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It’s Christmastime in the City

A guide to celebrating the holiday in Boston

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Given the unseasonably warm weather of late, it’s hard to believe that Christmas and New Year’s are right around the corner. Tomorrow is the last day of finals and residence halls close on Sunday, December 20, at noon, and remain closed until 10 a.m. on Friday, January 15. Dining facilities close after dinner tomorrow and reopen for dinner on Saturday, January 16, 2016.

While most students—and many faculty and staff—will be heading out of town for the holidays, lots of us will be staying in and around Boston over the break. The city offers all kinds of wonderful ways to celebrate this time of the year, and we’ve compiled some of the best—from the most fun holiday shopping venues to concerts, light shows, and theater events—to make your daysmerry and bright.

Shopping

30th Annual Harvard Square Holiday Fair

Looking to give a unique, handmade gift? Visit the Harvard Square Holiday Fair. Now celebrating its 30th season, this popular bazaar brings together more than three dozen vendors from New England and beyond selling handcrafted jewelry, textiles, pottery, clothing, home décor, and accessories.

The Harvard Square Holiday Fair is in the lower hall of St. Paul’s Church, 29 Mt. Auburn St., Harvard Square. The fair is open through Wednesday, December 23. Hours: 11:30 a.m. to 7 p.m. weekdays; 10 a.m. to 7 p.m. Saturday; and noon to 6 p.m. Sunday. Find a full list of vendors here. Take an MBTA Red Line train to Harvard Square.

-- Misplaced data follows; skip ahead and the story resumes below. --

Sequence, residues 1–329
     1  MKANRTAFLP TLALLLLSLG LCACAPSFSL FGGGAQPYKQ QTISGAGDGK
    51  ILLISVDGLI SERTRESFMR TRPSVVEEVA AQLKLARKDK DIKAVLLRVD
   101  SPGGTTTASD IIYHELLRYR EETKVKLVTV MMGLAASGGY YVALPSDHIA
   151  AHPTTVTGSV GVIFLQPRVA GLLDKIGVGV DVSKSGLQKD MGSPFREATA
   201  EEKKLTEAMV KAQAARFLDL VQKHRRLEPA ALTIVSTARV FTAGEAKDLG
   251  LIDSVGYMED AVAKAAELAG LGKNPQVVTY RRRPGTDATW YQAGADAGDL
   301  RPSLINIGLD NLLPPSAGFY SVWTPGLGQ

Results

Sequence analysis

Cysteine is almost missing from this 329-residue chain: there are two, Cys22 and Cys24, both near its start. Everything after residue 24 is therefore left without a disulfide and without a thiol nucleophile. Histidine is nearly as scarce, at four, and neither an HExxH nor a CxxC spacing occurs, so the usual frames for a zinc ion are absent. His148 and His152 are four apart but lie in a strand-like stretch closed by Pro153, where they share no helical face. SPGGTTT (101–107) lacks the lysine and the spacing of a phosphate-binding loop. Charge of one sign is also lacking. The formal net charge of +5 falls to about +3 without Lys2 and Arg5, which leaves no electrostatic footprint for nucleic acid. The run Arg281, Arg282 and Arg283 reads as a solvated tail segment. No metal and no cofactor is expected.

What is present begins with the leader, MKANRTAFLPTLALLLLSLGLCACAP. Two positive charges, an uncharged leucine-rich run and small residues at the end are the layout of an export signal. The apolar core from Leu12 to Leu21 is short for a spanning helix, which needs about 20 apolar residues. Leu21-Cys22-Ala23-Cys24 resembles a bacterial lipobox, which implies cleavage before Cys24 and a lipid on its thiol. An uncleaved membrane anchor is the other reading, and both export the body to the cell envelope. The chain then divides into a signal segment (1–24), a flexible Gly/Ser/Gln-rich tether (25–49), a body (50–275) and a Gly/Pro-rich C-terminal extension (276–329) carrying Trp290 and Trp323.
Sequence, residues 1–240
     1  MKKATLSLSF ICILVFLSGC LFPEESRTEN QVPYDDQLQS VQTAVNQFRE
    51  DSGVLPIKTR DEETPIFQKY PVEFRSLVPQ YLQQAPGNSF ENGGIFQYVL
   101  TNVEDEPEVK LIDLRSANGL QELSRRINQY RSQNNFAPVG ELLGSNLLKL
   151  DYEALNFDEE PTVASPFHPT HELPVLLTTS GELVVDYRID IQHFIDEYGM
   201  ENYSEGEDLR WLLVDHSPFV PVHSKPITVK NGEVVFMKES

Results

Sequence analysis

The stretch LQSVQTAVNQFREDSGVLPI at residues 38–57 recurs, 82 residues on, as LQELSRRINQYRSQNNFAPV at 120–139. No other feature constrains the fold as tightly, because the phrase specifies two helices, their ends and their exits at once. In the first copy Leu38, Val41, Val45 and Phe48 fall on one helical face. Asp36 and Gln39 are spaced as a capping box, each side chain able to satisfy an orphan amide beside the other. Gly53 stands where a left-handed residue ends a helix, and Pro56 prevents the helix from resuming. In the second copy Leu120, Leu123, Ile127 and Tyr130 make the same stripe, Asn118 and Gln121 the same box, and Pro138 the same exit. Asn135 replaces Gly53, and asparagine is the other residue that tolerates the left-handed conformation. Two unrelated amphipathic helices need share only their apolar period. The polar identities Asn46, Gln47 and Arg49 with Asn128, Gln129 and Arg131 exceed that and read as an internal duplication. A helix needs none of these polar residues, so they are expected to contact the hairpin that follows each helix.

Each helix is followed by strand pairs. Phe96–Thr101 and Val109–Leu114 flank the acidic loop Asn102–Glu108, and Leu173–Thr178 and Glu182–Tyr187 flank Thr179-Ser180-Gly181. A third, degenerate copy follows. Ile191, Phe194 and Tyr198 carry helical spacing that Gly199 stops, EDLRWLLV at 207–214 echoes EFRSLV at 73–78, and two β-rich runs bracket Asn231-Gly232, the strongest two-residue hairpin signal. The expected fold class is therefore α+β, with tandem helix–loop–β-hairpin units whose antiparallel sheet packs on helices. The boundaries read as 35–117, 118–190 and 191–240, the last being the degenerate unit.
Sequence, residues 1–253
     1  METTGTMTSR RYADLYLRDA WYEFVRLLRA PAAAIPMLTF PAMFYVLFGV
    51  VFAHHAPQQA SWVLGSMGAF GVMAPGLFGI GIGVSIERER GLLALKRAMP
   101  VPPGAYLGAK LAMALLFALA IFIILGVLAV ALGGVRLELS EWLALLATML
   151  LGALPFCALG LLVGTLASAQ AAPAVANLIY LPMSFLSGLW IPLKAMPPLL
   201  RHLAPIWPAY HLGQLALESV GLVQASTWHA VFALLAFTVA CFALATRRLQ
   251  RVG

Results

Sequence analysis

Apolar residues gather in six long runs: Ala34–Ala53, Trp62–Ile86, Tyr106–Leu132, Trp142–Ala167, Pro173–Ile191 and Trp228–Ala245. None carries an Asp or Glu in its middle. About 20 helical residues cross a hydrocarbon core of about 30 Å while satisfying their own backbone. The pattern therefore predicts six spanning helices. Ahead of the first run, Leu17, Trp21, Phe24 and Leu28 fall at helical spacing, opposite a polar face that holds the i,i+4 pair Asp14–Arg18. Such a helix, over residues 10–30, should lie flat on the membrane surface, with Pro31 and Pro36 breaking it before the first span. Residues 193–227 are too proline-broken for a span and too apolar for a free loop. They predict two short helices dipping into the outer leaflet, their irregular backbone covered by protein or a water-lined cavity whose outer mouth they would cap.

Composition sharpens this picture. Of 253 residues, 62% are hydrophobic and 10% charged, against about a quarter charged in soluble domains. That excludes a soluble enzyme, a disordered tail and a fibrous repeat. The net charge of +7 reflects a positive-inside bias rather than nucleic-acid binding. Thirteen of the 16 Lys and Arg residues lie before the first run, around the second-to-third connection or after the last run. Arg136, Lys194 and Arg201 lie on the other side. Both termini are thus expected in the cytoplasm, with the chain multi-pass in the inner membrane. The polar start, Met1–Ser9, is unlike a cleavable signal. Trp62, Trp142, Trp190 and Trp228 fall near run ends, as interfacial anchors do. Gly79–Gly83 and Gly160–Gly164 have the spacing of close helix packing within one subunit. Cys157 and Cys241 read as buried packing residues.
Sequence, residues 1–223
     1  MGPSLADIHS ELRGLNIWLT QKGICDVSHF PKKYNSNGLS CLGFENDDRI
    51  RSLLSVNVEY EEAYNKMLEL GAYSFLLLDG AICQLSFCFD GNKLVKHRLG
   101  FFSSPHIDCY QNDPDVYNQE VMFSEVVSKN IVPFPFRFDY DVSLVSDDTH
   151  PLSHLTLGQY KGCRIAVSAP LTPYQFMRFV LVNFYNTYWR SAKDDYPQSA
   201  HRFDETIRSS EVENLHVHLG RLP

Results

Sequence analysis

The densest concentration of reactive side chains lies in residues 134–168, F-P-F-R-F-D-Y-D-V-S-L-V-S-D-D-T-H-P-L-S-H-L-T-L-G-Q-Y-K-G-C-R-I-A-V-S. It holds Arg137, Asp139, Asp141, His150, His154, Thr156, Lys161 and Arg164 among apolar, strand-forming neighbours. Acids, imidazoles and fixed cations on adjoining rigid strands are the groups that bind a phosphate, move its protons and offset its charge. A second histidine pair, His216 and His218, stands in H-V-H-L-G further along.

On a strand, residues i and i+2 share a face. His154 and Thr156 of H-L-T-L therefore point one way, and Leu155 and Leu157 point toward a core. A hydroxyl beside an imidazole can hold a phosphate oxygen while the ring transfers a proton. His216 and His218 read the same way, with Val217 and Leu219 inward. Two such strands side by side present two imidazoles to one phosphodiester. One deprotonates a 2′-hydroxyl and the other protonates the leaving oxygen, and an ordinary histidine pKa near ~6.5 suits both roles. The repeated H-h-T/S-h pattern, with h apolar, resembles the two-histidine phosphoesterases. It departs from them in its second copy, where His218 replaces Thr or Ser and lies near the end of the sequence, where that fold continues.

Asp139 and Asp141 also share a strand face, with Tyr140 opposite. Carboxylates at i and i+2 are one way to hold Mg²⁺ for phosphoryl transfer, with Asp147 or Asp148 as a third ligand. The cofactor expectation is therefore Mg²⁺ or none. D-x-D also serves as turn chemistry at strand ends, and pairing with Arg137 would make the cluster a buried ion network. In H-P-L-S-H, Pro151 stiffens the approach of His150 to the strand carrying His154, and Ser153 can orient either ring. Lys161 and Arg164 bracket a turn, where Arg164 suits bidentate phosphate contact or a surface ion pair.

Santa has taken up residence at the Prudential Center through Christmas Eve. Photo by Christopher Harting Studio

Santa has taken up residence at the Prudential Center through Christmas Eve. Photo by Christopher Harting Studio

Santa in the City! and Charity Gift Wrap at the Prudential Center

There’s still time to catch Santa in his winter wonderland before he gathers his reindeer and begins his journey round the globe. Head over to the Belvidere Arcade at the Shops at Prudential Center and have your picture taken with the big guy; then stop by some of the mall’s nearly three dozen shops—such as Lord & Taylor, Saks Fifth Avenue, Vineyard Vines, the Body Shop, Lacoste, and Kate Spade New York—for some holiday shopping. Take your purchases to Barnes & Noble in the Prudential’s Huntington Arcade, where local nonprofits will wrap any gift for free; your charitable donations will support participating organizations.

Santa in the City! is in the Belvidere Arcade at the Shops at Prudential Center, 800 Boylston St., Boston, through December 24. Santa will be available for photos December 18, 10 a.m. to 7 p.m.; December 19, 9 a.m. to 9 p.m.; December 20, 11 a.m. to 7 p.m.; December 21 and 22, 10 a.m. to 7 p.m.; December 23, 9 a.m. to 7 p.m.; and December 24, 9 a.m. to 6 p.m. Photo packages start at $19.99. Find more information here.

The Charity Gift Wrap, sponsored by Barnes & Noble, is in front of the store in the Huntington Arcade, 10 a.m. to 10 p.m., now through December 24. Gift wrapping is free, but donations are welcome. Any gift may be wrapped. Take an MBTA Green Line trolley to Copley Station.

Copley Place

When finished at the Prudential, take the walkway over to Copley Place, perhaps Boston’s toniest mall. This mall has nearly 75 stores, among them JCrew, Gap, Banana Republic, and Williams-Sonoma. But the emphasis here is luxury goods: Tiffany, Eileen Fisher, Emporio Armani, Boss, Coach, and Neiman Marcus.

Copley Place, 100 Huntington Ave., Boston, is open Monday through Saturday, 10 a.m. to 8 p.m. and Sunday, noon to 6 p.m. Find special holiday hours here.

Newbury Street

If malls aren’t your thing, head over to Newbury Street, Boston’s premier shopping district, where you can stroll along eight blocks lined with art galleries, salons, restaurants, and shops ranging from the affordable (Forever 21, bebe, and H&M) to the expensive (Dolce & Gabbana, Burberry, and Chanel). Find a full list of Newbury Street stores here.

Take any MBTA Green Line trolley to the Hynes Convention Center, Copley, or Arlington stops.

Worship

Christmas Eve Services at Marsh Chapel

Marsh Chapel, in the heart of BU’s campus, is offering two worship services this Christmas Eve. The later service will include music from the Marsh Chapel Thurman Choir.

The services,  free and open to the public, are December 24 at 1 p.m. and 7:30 p.m. in Marsh Chapel, 735 Commonwealth Ave.